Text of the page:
Already used by millions of people around the world in the original Rthm app, COIL’s patented biometric algorithms analyze user sleep, heart rate, and daily activity to see the effects of different ... […]
- Who Owns Your Fingerprint? You Don’t. on April 17, 2019 at 5:45 am
Biometrics allow companies to strengthen their security measures ... would not be allowed to hook players up to machines to test their heart rates or body fat if the bill passed. When the lobbyist ... […]
- Rthm Launches Mobile Cannabis App in the United States Introducing Advanced Loyalty and Revenue Opportunities- COIL™ on April 17, 2019 at 5:30 am
Already used by millions of people around the world in the original Rthm app, COIL's patented biometric algorithms analyze user sleep, heart rate, and daily activity to see the effects of different ... […]
- Planners wrestle with Willow Creek topics on April 17, 2019 at 5:08 am
Planners met first as the Board of Zoning Appeals (BZA) to discuss a request by Dave Hellekson and New Viking Arms to open an internet sales office in an existing building in the heart of Willow Creek ... […]
- Biometric Technology on the Horizon for Resorts on April 16, 2019 at 2:11 am
AccorHotels has used biometric data to find out travelers’ vacation preferences. Travelers completed a quiz that helped them discover what kind of vacation was best for them while a webcam monitored ... […]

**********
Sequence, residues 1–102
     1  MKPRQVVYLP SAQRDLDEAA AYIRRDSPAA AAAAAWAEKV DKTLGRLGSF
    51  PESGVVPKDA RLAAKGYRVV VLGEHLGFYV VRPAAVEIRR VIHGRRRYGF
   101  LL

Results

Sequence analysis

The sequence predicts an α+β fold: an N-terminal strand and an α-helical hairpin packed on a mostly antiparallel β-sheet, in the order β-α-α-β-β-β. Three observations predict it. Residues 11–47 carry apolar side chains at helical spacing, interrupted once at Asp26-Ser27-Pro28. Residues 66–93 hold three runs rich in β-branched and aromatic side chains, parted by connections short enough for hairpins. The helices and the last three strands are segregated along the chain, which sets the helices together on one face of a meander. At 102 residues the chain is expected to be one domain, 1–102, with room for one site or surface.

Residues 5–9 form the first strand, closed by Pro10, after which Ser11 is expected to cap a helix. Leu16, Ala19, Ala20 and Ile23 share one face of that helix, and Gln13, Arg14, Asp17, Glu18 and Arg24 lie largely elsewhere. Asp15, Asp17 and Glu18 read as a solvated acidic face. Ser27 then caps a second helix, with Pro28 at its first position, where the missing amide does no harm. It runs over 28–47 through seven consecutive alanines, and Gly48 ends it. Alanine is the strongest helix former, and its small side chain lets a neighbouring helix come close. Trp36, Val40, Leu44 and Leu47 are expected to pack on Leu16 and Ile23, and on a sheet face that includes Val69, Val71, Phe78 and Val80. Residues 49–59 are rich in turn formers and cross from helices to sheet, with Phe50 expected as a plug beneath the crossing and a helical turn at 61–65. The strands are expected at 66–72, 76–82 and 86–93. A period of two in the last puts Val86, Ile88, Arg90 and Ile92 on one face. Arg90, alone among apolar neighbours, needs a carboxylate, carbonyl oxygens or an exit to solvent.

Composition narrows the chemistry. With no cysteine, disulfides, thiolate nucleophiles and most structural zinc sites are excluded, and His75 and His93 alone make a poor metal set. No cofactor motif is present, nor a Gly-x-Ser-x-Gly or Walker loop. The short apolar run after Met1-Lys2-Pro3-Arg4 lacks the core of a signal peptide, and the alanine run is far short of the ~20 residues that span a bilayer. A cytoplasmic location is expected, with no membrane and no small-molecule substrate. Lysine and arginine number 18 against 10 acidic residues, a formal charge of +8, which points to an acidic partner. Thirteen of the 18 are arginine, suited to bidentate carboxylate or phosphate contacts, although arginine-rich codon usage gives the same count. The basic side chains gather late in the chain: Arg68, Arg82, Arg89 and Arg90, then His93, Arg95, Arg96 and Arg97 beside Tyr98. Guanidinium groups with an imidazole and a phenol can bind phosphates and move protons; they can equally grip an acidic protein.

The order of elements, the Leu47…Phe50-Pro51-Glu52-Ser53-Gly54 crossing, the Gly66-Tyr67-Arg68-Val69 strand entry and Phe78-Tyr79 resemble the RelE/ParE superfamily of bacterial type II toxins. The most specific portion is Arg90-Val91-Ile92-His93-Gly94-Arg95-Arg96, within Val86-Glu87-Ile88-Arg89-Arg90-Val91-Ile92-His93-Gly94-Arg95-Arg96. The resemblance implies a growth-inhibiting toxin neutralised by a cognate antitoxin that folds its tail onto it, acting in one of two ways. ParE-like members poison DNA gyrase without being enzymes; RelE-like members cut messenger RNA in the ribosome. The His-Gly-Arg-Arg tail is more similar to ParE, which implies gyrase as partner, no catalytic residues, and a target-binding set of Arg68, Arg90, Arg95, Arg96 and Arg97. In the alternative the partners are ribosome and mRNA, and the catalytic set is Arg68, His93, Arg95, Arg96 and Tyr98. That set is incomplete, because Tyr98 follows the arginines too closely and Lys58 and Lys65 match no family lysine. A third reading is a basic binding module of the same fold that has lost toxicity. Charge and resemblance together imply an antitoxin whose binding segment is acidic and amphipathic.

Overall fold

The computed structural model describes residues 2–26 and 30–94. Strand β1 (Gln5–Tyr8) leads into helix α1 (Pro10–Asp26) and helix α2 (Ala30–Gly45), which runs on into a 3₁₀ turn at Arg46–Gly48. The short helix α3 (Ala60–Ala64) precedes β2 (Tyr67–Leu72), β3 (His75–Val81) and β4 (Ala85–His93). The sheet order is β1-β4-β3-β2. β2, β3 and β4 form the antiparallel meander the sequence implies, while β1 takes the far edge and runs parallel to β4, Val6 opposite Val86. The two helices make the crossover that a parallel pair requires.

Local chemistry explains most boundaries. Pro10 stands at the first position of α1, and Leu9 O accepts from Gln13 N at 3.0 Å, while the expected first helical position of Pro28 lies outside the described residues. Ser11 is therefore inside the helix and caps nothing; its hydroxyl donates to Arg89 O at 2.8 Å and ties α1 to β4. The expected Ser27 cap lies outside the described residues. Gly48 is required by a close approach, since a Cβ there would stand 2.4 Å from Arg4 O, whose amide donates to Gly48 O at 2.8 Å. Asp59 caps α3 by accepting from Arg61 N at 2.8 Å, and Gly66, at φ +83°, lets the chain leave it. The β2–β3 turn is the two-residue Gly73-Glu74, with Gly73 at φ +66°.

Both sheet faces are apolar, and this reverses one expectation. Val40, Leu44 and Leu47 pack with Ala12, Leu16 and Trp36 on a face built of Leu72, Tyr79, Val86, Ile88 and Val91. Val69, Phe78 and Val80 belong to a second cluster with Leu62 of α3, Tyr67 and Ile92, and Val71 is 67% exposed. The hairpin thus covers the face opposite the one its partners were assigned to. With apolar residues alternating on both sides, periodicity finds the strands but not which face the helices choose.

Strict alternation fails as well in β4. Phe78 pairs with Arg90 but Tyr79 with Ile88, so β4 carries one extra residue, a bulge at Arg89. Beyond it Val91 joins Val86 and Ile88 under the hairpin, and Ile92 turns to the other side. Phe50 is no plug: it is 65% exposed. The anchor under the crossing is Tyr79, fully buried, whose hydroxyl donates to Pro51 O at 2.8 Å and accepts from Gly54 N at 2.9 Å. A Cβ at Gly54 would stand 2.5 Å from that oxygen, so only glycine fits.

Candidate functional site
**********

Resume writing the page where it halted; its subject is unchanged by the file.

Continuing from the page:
- INTERVIEW: Ned Hayes, General Manager, SureID, on Fingerprint Biometrics and the Human Element of Identity on April 15, 2019 at 9:02 am
It can even do things like detect my blood pressure, and deliver the kind of music that’s appropriate to me not having a heart attack that day. Personalization and customization of the world around us ... […]
- The Afterlife of the Aadhaar Dissent: The Jamaican Supreme Court Strikes Down a National Biometric Identification – Gautam Bhatia on April 15, 2019 at 3:55 am
Indeed, these similarities went beyond the collection and storage of biometric information ... which was also at the heart of Chandrachud J.’s dissent: the primacy of individual choice in a ... […]
- IDEMIA Launches Enhanced Security Smart Cards Resistant to Quantum Computers on April 11, 2019 at 3:35 am
COURBEVOIE, France--(Business Wire)--Asymmetric cryptosystems are at the heart of digital security as they are the ... which offer portability and confidentiality of secret elements (keys and ... […]
- Biometric Toilet Seat Detects Congestive Heart Failure on April 1, 2019 at 10:55 am
A toilet-seat based cardiovascular monitoring system can help lower hospital readmission rates for patients with congestive heart failure (CHF). A product of Heart Health Intelligence (HHI; Rochester, ... […]
- Aibo's dark side: Why Illinois bans Sony's robot dog on April 1, 2019 at 5:01 am
Its mechanical joints make slow, noisy work of it on the concrete floor, but I can't help but be mildly heart-warmed. I'd rather have a real ... Sony doesn't sell Aibo in Illinois. The state's ... […]
via Google News and Bing News